"More should be done to mitigate the first mover-advantage enjoyed
by investors who run during times of heavy redemptions," said SEC
Republican Commissioner Michael Piwowar, making his first public
comments on money fund reforms since joining the agency in August.
"There also remains a need to provide investors with more timely
information about funds' holdings, including the value of those
holdings," he added in prepared remarks before the U.S. Chamber of
The SEC's five commissioners are weighing a proposal to reduce the
risk of runs on money market funds, like the one seen in 2008 when
the Reserve Primary Fund's net asset value fell below $1 per share
as panicked investors withdrew money to avoid exposure to Lehman
The Chamber has been among the most vocal business trade groups to
lobby against overly strict new rules for money market funds, saying
any regulations that fundamentally alter the structure of the
product could cut off a major supply of short-term funding for
In a wide-ranging speech, Piwowar also took aim at other U.S.
regulators who have tried to pressure the agency to enact new
reforms for asset managers and money funds, saying they should back
off and leave it up to the experts at the SEC.
The SEC's proposal contains several regulatory options, including
potentially forcing prime funds used by institutional investors to
float their net asset value and/or allowing fund boards to impose
liquidity fees and redemption gates during times of market stress.
The Chamber has remained opposed to a floating net asset value,
saying such a drastic change could effectively kill the product.
The SEC's money fund plan was released in June before either Piwowar
or his Democratic colleague Commissioner Kara Stein had joined the
SEC, making it hard for observers to gauge how the final plan may
Piwowar declined to say which option he might support, telling the
audience he is still studying the plan.
However, he noted that before he can make a decision on the floating
NAV option, the Internal Revenue Service needs to first issue
guidance to address how such a change could affect tax treatment for
"We need to get an answer from Treasury about the tax implications,"
Piwowar said. "That is a threshold issue for me."
The industry has warned that certain tax concerns must be addressed
in order to make a floating NAV workable.
The IRS last summer addressed one of those concerns, after it issued
guidance to grant investors some relief from "wash sale" rules,
which bar an investor from recognizing losses from the sale of
securities if the investor purchased substantially identical shares
within 30 days before or after such sale.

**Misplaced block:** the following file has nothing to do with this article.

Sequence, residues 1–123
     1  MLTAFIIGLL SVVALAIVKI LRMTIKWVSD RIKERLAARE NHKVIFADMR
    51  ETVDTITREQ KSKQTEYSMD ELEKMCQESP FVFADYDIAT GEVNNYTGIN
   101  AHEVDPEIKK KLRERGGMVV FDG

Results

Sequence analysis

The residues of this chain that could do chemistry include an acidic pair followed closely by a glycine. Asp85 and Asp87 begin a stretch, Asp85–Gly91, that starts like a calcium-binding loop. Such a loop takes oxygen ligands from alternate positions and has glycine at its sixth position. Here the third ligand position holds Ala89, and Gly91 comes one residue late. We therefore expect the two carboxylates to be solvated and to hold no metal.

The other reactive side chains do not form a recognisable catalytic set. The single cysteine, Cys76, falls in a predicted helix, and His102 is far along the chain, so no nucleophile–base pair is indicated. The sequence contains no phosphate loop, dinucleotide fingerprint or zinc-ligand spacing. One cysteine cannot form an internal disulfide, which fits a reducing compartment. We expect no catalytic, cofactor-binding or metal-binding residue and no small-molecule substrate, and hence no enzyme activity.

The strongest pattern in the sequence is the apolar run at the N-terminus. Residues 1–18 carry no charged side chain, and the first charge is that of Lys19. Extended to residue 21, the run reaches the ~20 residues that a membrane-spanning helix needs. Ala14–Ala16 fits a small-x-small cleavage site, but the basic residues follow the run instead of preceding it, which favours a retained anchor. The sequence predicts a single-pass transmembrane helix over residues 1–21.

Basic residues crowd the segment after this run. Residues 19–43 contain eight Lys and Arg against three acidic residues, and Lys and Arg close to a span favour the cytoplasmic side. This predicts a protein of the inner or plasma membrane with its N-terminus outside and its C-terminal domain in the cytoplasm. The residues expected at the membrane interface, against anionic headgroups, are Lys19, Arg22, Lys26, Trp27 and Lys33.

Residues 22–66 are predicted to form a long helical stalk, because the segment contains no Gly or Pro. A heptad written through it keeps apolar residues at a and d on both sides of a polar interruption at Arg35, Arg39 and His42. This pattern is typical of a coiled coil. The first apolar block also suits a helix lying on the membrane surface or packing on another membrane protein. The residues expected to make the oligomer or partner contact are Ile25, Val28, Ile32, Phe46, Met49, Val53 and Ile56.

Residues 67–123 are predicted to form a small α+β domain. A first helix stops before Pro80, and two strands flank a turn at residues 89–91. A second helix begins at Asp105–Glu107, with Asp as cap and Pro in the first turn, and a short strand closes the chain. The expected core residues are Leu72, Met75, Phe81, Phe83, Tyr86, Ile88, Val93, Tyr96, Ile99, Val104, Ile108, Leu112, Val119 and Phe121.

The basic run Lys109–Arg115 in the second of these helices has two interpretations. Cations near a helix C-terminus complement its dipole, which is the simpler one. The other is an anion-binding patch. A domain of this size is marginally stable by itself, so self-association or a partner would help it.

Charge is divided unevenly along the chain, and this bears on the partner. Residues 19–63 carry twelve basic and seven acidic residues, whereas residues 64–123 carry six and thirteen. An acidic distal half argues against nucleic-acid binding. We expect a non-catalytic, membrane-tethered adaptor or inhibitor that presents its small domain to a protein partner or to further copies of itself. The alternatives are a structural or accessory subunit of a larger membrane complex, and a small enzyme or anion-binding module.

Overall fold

The IRS has still not, however, released separate guidance to
address how investors might avoid burdensome daily record-keeping
requirements if a floating NAV is adopted.
[to top of second column]
The SEC's money fund proposal came about following a bitter internal
feud between the SEC's former Chair Mary Schapiro and three other
The three commissioners at the time, including Republican Dan
Gallagher and Democrat Luis Aguilar, questioned whether more rules
were needed because the agency had already adopted rules in 2010
that improved fund transparency, tightened credit quality standards,
shortened the maturities of fund investments and imposed a new
In an effort to end the stalemate, the Financial Stability Oversight
Council, a panel comprised of the heads of each major market and
banking regulator, intervened and tried to pressure the SEC.
The SEC finally issued a proposal, but only after SEC economists
released a study that helped justify further reforms.
Piwowar said Monday he believes the SEC was wrong to cede ground to
the FSOC on money funds.
He also said he was concerned the FSOC has continued to tread on the
SEC's turf by weighing whether to designate large asset managers
such as Blackrock or Fidelity as systemically important, a tag that
carries tough capital rules and oversight by the Federal Reserve.
He said he has been rebuffed in his efforts to sit in on some of the
biweekly meetings held by the council, and complained the Federal
Reserve exerts too much influence over its policy-making.
"The FSOC, within which the banking and prudential regulators exert
substantial influence, represents an existential threat to the SEC
and the other member agencies," he said.
(Editing by Chizu Nomiyama and Stephen
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